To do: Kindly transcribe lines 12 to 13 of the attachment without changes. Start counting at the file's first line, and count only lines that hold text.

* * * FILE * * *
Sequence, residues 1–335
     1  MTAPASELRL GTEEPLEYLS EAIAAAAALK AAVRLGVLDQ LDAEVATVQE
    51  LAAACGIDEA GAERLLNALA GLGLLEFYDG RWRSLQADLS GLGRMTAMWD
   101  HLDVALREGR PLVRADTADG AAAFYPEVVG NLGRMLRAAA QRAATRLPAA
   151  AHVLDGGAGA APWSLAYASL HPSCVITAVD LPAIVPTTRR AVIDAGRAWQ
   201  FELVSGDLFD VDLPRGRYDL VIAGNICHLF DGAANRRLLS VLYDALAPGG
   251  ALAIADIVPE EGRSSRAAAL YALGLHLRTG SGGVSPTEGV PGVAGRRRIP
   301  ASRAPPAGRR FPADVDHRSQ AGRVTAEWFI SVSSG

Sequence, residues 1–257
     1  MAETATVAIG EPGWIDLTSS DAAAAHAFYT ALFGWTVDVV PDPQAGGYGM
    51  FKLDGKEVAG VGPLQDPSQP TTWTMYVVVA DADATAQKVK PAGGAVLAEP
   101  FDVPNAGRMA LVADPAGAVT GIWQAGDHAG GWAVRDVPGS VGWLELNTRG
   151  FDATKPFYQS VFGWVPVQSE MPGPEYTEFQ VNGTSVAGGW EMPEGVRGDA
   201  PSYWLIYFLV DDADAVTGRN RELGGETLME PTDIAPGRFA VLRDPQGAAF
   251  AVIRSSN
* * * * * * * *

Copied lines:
   101  FDVPNAGRMA LVADPAGAVT GIWQAGDHAG GWAVRDVPGS VGWLELNTRG
   151  FDATKPFYQS VFGWVPVQSE MPGPEYTEFQ VNGTSVAGGW EMPEGVRGDA